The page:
Get ready to throw out your pricey Whole Foods mega-vitamins because giving is becoming the next miracle drug. We’ve been taught to give to others since we were kids. Our mothers taught us to share with younger siblings; our elementary schools held bake sales to benefit children in need; and we donated our outgrown clothes to the homeless. Teaching kids to give builds moral character and the ability to empathize with those around them. Today, classroom canons include The Giving Tree and The Giver, both of which emphasize the ability to think beyond one’s self. The thinking has been that fostering an aptitude for giving would result in compassionate adults, and in turn, would cultivate a healthier, happier community.
The truth is that giving just plain feels good, with or without a moral compass to guide us. Seeing my younger sister’s face light up with joy when I handed her my favorite Barbie (even when her scissors came dangerously close to her perfectly coiffed head) was probably the best feeling in the world.
Scientists have long been baffled by this phenomenon: why would we, as self-serving humans, give something for nothing in the evolutionary race for survival? It turns out that doing a good deed activates the mesolimbic system in our brains (which rewards us for things like food and money) and the parts of our brain that regulate feelings of trust and social attachment. Dubbed “the helper’s high,” giving can flood our brains with a dopamine-like euphoria. Jorge Moll’s 2006 National Institute of Health study was one of the first to test this, finding that giving to charitable organizations and receiving money for individual gain both stimulated the same part of the brain.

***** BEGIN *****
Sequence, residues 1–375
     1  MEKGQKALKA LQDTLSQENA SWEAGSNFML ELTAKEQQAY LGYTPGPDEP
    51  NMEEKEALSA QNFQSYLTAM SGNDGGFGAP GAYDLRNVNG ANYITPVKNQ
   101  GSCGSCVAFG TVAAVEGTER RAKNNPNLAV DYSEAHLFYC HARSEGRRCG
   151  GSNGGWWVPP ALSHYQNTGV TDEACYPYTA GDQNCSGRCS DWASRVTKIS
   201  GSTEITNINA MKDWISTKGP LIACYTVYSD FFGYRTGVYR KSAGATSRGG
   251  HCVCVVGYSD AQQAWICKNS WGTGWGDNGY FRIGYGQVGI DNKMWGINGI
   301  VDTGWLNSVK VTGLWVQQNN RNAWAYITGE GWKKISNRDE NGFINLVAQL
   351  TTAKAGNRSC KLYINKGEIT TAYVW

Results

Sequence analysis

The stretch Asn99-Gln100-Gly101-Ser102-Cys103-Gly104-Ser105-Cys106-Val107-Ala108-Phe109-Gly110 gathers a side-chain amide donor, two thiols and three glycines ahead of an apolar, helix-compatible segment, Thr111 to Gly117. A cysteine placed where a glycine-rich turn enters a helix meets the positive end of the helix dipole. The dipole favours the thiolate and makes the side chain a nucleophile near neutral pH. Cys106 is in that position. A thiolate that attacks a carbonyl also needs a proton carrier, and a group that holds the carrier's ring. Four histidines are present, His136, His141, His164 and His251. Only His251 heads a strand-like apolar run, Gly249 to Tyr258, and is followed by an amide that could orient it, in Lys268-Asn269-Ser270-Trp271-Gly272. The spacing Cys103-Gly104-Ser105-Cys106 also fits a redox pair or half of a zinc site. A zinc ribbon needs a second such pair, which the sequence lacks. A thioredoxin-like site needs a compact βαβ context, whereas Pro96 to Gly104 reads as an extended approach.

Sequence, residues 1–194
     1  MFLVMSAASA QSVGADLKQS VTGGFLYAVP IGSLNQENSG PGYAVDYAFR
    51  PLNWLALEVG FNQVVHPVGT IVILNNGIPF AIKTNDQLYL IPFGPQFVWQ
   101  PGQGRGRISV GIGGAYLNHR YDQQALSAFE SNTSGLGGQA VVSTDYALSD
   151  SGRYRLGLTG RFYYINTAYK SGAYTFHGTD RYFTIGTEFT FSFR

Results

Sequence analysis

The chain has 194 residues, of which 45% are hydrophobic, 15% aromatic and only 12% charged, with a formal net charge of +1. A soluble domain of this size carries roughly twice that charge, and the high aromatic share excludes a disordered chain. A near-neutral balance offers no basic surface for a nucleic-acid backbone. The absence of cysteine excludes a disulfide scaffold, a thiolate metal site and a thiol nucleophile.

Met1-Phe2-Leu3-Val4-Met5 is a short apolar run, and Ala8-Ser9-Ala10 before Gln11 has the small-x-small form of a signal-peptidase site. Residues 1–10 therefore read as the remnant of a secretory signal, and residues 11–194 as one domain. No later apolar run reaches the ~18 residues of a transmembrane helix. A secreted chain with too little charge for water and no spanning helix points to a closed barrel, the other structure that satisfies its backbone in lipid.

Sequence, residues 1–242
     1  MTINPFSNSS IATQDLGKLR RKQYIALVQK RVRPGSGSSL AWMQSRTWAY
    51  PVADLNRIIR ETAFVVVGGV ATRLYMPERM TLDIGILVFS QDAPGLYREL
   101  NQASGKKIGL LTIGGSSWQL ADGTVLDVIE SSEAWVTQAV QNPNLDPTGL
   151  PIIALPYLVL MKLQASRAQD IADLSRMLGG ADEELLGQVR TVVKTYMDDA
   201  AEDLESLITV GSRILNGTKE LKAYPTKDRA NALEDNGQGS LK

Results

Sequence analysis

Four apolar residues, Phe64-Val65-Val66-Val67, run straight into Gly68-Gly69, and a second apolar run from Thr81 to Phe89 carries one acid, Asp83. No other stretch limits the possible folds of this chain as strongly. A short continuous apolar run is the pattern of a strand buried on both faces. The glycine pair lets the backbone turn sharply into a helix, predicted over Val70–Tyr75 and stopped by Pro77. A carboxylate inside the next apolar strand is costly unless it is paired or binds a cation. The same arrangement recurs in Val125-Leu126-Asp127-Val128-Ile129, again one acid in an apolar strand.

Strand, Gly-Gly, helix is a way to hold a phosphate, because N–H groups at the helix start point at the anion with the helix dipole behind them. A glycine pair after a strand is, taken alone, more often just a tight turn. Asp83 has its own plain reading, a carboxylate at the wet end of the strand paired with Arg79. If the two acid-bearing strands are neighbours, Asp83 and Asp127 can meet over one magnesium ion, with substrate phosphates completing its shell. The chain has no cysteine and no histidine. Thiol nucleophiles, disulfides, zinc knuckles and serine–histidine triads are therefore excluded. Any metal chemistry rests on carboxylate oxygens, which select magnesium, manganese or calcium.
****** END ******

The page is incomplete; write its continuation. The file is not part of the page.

Other scientific studies have shown the incredible impact giving has on mental and physical health, as Stephen Post and Jill Neimark further discuss in their book, Why Good Things Happen to Good People. Giving can lower blood pressure, heighten self-esteem, reduce stress, and decrease mortality. Giving also has the power to push aside negative emotions, like anger and envy.
Science has even found proof that altruism is very real on a genetic level, seen through the gene variant AVPR1a. This gene enables a social-bonding hormone, called arginine vasopressin, to act on brain cells. The Hebrew University of Jerusalem conducted a study in 2007 which examined 203 participants – each of whom was given $12 with the choice to give all or a part of the money to another anonymous participant. The findings were astonishing: those with AVPR1a gave 50 percent more money than those without the variant.